What’s in this article

  • What is Fanconi-Bickel syndrome?
  • Signs & symptoms
  • Diagnosis
  • Treatment


What is Fanconi-Bickel syndrome?
Fanconi–Bickel syndrome (FBS) is a rare inherited disease. It is characterized by the accumulation of glycogen (a form of energy storage) in the liver and kidneys. According to the Liver Directory Fanconi Bickel syndrome is an autosomal recessive disorder requiring one copy of the gene from each parent or 2 mutated copies total (homozygous) to be affected by the syndrome. There is not that much information available about this condition due to its rarity.  It is thought to occur in less than 1 in one million births.


Signs & symptoms
The first symptoms of this Fanconi-Bickel syndrome are usually recognized between 3 and 10 months of age although a case of FBS was first detected as early as during the neonatal period. Symptoms are as follows:


  • Rickets (weakened bones)
  • Hepatomegaly (abnormal enlargement of the liver)
  • Swelling of the spleen
  • Frequent urination
  • Degeneration of tissue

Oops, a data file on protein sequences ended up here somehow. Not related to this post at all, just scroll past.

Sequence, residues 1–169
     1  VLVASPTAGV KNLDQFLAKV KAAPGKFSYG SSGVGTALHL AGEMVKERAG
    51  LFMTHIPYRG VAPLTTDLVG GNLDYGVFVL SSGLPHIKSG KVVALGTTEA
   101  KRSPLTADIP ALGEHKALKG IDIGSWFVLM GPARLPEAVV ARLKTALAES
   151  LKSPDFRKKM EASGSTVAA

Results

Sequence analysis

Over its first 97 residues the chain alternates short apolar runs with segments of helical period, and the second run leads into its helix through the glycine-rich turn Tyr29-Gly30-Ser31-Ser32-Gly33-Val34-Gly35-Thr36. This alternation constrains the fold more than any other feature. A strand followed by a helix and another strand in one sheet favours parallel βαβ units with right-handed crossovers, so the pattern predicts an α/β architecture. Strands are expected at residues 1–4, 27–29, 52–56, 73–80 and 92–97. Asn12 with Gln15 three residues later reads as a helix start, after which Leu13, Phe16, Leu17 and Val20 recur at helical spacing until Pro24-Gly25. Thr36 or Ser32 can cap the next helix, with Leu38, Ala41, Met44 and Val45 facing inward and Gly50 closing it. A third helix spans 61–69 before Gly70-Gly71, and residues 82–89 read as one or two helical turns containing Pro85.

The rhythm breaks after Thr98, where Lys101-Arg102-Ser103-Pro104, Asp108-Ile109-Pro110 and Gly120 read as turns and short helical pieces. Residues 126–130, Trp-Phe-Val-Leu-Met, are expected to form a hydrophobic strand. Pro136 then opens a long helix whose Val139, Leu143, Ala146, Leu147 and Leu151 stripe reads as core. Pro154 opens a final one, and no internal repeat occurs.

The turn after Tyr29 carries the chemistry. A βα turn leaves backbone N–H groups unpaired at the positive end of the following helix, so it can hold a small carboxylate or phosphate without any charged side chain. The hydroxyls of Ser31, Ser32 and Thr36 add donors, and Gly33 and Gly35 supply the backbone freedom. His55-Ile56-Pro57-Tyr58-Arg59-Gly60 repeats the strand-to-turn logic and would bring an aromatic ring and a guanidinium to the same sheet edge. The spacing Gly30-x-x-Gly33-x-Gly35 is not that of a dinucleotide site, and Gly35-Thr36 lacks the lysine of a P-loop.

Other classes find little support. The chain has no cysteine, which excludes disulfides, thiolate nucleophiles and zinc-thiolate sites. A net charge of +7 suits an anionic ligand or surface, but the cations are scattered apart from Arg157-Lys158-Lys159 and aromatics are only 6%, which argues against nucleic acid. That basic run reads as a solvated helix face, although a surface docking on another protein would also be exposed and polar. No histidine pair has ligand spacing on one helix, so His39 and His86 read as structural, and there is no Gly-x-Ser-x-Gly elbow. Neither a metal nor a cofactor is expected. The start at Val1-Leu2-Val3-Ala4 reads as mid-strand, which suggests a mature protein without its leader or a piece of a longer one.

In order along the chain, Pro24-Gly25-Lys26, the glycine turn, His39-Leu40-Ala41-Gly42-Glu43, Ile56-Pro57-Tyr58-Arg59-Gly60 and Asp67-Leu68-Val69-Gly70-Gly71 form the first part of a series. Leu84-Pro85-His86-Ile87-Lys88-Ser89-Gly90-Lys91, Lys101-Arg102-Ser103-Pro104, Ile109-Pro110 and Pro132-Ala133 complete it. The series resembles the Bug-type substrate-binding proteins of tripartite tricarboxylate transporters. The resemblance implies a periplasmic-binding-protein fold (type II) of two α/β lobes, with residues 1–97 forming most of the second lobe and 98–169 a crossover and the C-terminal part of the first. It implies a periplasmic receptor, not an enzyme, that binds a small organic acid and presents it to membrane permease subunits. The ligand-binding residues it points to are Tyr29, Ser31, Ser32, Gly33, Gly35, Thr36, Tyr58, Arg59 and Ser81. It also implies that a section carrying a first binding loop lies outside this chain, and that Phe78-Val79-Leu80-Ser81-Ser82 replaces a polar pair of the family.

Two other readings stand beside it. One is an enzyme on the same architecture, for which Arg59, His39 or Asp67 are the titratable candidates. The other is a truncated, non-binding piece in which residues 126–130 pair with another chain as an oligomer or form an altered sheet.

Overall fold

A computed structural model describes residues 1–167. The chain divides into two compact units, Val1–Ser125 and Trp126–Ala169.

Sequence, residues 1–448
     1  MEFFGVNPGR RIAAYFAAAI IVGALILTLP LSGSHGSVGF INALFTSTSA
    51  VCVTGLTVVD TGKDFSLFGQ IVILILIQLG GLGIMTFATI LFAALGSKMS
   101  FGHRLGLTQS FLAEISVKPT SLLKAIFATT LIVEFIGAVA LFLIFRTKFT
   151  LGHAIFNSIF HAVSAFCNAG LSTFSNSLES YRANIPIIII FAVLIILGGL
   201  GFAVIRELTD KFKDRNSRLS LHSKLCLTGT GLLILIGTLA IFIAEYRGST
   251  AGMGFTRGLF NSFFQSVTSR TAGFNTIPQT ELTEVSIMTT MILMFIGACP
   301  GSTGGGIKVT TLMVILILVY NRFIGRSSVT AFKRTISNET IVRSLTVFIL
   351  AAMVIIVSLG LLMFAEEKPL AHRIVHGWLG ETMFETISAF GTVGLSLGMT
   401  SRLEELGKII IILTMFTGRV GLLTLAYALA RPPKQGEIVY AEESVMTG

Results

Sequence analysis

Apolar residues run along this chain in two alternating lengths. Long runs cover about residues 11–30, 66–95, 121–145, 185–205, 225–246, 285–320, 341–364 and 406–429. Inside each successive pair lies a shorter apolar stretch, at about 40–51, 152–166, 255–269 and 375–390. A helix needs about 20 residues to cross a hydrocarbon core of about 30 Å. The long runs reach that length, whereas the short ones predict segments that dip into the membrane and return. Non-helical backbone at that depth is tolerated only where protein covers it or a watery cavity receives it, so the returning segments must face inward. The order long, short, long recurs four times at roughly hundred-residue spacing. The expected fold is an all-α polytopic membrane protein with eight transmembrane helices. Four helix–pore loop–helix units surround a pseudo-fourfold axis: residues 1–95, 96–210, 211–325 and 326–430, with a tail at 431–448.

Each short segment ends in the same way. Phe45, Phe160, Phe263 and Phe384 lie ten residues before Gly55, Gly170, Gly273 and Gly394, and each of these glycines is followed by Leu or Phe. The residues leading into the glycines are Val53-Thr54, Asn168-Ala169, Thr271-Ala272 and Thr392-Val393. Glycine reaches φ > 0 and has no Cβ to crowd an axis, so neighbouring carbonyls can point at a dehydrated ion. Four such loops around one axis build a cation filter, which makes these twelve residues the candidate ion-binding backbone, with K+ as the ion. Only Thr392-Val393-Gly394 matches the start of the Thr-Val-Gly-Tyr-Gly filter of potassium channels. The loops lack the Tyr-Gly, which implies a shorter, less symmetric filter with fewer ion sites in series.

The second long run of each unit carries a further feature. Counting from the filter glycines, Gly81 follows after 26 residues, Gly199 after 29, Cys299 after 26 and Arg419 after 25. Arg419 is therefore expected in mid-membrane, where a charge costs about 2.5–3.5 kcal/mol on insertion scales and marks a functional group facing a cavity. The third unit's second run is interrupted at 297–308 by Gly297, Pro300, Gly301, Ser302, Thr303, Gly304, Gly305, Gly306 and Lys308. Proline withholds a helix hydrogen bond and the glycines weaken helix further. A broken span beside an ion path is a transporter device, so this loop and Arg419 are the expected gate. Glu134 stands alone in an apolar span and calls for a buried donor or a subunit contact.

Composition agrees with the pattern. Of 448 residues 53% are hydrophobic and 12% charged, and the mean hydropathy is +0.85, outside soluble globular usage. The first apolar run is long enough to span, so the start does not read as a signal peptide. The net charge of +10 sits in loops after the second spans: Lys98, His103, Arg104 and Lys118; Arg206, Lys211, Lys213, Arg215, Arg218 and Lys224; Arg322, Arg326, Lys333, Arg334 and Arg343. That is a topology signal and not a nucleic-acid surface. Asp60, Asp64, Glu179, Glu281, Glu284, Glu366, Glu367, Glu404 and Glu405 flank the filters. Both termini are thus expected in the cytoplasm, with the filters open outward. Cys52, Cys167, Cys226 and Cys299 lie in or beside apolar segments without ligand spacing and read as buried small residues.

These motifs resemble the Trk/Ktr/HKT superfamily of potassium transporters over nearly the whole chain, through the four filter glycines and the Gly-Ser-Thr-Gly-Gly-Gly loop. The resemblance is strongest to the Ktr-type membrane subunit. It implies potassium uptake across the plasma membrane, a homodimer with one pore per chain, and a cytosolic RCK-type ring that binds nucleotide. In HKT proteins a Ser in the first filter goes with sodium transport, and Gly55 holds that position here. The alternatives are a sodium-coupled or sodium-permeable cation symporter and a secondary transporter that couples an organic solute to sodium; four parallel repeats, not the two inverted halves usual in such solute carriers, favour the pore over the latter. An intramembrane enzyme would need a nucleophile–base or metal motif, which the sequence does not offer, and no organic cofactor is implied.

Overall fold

• Stunted growth
  • Late puberty
  • Bowed legs
  • Low blood sugar between meals


Fanconi-Bickel syndrome can sometimes be detected at birth, later on there are various tests that can be carried out. A test that checks for galactose intolerance can sometimes help to diagnose along with a urine test that shows glycose, phosphates, amino acids, and bicarbonate levels in the body. A liver biopsy can also be carried out which will detect any issues with the liver and an x-ray can check bones for rickets.


There is no way to fully cure Fanconi Bickel syndrome. Supplement treatments consisting of water, electrolytes, and vitamin D are used in combination with a galactose-restricted diet (a simple sugar found in milk and other dairy products containing lactose). A diet that is low in sugar and carbohydrates and small, frequent meals is recommended. Following these guidelines can increase growth and improve the quality of life for the patient.


Find out more about the basics of liver health with Dr. Tarek Hassanein, M.D.